Stocks ended lower Thursday as investors exercised caution amid dismal economic news and poor earnings reports.

The Dow Jones industrial average closed down 47.75 points at 10,229.15 in afternoon trading. The broader Standard & Poor's 500 Index slipped 3.22 points to close at 1,162.09. The technology-laced Nasdaq Composite Index ended down 17.04 points at 1,842.97.

Thursday's disappointing economic news was a report that said first-time jobless claims rose more than expected last week and the number of people who remained on jobless rolls climbed to 3.2 million — the highest in nine years.

The president of the Federal Reserve Bank of Dallas, Robert McTeer, added fuel to the fire after he said unemployment was likely to rise even further.

Retailers fell after Kmart posted a loss, as the discount giant offered big rebates to attract customers in a profit-slicing price war. In addition, clothing retailer Limited Inc. and others said slumping sales were likely to hurt future earnings, exacerbating worries about the outlook for corporate profits amid a sluggish economy.

"It's a hunt-and-peck type market. Bargain hunters are looking for specific issues, and their timetable is extremely short. It is an in-and-out mentality," said Alan Ackerman, executive vice president of Fahnestock & Co.

Among blue chips, General Motors fell 99 cents to $56.21 and J.P. Morgan Chase slipped 48 cents to $40.72.

The Dow's biggest loser was Merck, which fell $2.71 to $68.51. Its shares were hit, along with those of Pharmacia Corp. after a report questioned the safety of their popular anti-arthritic medicines, Vioxx and Celebrex. Pharmacia fell 80 cents to $42.40.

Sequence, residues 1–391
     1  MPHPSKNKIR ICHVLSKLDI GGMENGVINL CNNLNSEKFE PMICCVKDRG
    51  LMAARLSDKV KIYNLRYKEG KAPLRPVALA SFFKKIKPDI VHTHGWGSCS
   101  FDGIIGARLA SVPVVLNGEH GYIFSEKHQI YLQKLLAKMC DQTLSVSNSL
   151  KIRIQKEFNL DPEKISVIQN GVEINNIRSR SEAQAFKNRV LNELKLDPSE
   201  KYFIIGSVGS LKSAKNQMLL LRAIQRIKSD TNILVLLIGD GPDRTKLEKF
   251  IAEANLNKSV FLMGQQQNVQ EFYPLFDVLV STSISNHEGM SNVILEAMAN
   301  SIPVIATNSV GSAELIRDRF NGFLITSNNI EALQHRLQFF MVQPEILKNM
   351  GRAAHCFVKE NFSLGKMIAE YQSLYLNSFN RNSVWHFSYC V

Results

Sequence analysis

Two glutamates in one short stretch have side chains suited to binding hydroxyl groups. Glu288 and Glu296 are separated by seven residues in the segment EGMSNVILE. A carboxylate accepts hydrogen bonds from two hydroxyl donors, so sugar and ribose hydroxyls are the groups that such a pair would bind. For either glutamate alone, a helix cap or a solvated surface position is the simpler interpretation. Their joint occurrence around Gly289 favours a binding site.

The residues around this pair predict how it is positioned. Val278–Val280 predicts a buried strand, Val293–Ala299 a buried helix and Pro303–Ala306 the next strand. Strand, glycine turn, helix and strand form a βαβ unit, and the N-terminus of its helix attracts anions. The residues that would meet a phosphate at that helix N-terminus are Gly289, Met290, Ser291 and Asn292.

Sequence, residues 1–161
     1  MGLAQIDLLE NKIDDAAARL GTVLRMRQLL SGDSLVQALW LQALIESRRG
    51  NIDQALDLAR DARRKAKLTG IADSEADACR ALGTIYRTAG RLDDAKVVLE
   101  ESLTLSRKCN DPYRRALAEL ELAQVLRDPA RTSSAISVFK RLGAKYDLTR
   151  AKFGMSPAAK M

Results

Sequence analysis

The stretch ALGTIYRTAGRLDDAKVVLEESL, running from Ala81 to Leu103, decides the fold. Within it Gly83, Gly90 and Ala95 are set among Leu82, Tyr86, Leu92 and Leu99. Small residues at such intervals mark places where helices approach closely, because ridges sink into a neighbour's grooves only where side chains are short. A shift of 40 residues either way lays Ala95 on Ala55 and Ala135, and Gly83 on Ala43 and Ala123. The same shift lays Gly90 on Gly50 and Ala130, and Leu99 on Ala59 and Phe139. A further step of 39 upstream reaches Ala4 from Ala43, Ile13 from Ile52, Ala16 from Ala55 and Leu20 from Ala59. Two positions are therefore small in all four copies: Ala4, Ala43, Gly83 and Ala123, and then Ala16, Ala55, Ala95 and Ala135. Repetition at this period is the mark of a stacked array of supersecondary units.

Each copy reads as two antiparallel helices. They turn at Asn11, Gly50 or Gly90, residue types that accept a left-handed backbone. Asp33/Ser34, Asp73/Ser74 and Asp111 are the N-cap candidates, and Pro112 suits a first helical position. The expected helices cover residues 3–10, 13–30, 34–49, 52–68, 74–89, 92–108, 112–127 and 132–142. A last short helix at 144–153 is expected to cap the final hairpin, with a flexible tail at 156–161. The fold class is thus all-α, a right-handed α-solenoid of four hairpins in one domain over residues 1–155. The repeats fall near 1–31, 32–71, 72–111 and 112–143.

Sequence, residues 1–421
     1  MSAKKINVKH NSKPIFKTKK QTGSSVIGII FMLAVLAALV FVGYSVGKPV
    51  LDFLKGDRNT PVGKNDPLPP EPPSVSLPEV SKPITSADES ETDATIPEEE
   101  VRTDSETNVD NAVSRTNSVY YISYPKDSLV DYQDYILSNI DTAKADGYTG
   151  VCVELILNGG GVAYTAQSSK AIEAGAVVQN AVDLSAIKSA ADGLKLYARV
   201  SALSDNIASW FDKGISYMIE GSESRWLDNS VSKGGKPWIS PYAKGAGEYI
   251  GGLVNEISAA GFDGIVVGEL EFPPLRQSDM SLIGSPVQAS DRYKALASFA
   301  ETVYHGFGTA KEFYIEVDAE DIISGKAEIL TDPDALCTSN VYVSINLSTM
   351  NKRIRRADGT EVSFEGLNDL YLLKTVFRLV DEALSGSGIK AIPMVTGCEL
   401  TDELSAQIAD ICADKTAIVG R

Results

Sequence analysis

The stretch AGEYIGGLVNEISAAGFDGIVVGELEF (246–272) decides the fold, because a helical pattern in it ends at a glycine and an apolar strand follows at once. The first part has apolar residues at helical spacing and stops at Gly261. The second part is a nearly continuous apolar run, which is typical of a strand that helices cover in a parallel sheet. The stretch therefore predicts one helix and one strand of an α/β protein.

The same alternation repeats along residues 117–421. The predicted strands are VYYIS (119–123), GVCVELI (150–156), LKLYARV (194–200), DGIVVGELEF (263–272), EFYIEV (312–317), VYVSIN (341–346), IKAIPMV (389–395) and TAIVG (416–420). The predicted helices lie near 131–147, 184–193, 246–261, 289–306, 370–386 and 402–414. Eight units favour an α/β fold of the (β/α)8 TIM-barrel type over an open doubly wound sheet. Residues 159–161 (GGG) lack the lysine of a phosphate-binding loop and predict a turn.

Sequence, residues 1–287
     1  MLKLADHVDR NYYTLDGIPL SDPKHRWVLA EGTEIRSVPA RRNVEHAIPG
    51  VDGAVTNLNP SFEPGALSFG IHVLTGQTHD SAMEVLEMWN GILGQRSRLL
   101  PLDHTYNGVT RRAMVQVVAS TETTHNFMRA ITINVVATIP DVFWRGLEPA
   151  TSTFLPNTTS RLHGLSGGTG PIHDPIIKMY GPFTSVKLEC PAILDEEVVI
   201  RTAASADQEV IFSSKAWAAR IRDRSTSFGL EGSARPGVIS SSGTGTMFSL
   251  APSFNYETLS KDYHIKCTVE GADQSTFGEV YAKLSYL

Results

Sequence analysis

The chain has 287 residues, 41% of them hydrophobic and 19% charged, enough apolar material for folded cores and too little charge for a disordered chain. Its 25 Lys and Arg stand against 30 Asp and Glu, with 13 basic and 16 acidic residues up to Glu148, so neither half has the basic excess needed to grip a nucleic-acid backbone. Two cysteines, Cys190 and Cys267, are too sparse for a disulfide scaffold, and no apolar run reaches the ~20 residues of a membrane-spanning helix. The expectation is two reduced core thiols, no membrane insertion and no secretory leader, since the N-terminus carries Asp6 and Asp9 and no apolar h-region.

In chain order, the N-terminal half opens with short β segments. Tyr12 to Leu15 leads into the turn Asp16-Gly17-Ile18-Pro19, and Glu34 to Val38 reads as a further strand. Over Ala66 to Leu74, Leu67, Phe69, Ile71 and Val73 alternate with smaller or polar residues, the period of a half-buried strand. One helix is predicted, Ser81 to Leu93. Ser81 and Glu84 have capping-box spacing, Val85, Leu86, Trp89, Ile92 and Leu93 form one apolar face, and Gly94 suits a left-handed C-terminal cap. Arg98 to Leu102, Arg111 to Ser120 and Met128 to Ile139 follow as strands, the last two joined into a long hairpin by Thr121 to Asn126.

Other stocks dropped on indications that business remains poor.

Tech losers included Gateway, which fell $1.18 to $8.61 on news that its bonds had been downgraded to junk status by a credit rating agency. The No. 2 U.S. direct PC seller is restructuring in the middle of a price war and a broad downturn in the technology industry, especially in sales to consumers, Gateway's main clients.

The Dow's tech components all traded lower with Microsoft posting the biggest loss, down $1.66 at $59.

There were some winners on Wall Street. Barnes & Noble advanced $1.21 to $41.97 after posting a smaller-than-expected loss for the second-quarter.

Fiber optic networker Ciena, which will enter the S&P 500, replacing American General as it merges with American International Group, rose 36 cents to $17.80.

Ciena also got help from a report showing sales of gear for building optical networks will produce $10.3 billion in global revenues this year — a 52 percent rise from last year.

Amid the slew of corporate scorecards released by retailers, Kmart Corp. reported a loss before charges, saying it faces pressure to lower prices as it works to remodel its U.S. store base and boost customer traffic, and amid a cut-throat price war with other large discount retailers. Shares fell $1.13 to $10.97.

Specialty apparel retail chain Limited slumped $1.27 to $13.93 after saying its profits were cut in half and that weak sales will hurt third-quarter and full year profits.

Lingerie retailer Intimate Brands Inc. said its profits fell 30 percent, matching estimates, while dismal sales could hit third-quarter and full year earnings. Intimate, which operates Victoria's Secret and Bath & Bodyworks, dropped $1.22 to $13.39.

Declining issues outnumbered advancers 8 to 7 on the New York Stock Exchange. Volume came to 966.26 million shares, below the 1.11 billion shares that were traded Wednesday.

The Russell 2000 index, which measures the performance of smaller company stocks, fell 3.76 to 473.42.

Overseas, Japan's Nikkei stock average fell 2.4 percent. In Europe, France's CAC-40 slipped 0.1 percent, Britain's FT-SE 100 fell 0.2 percent, and Germany's DAX index rose 0.7 percent.

Reuters and the Associated Press contributed to this report.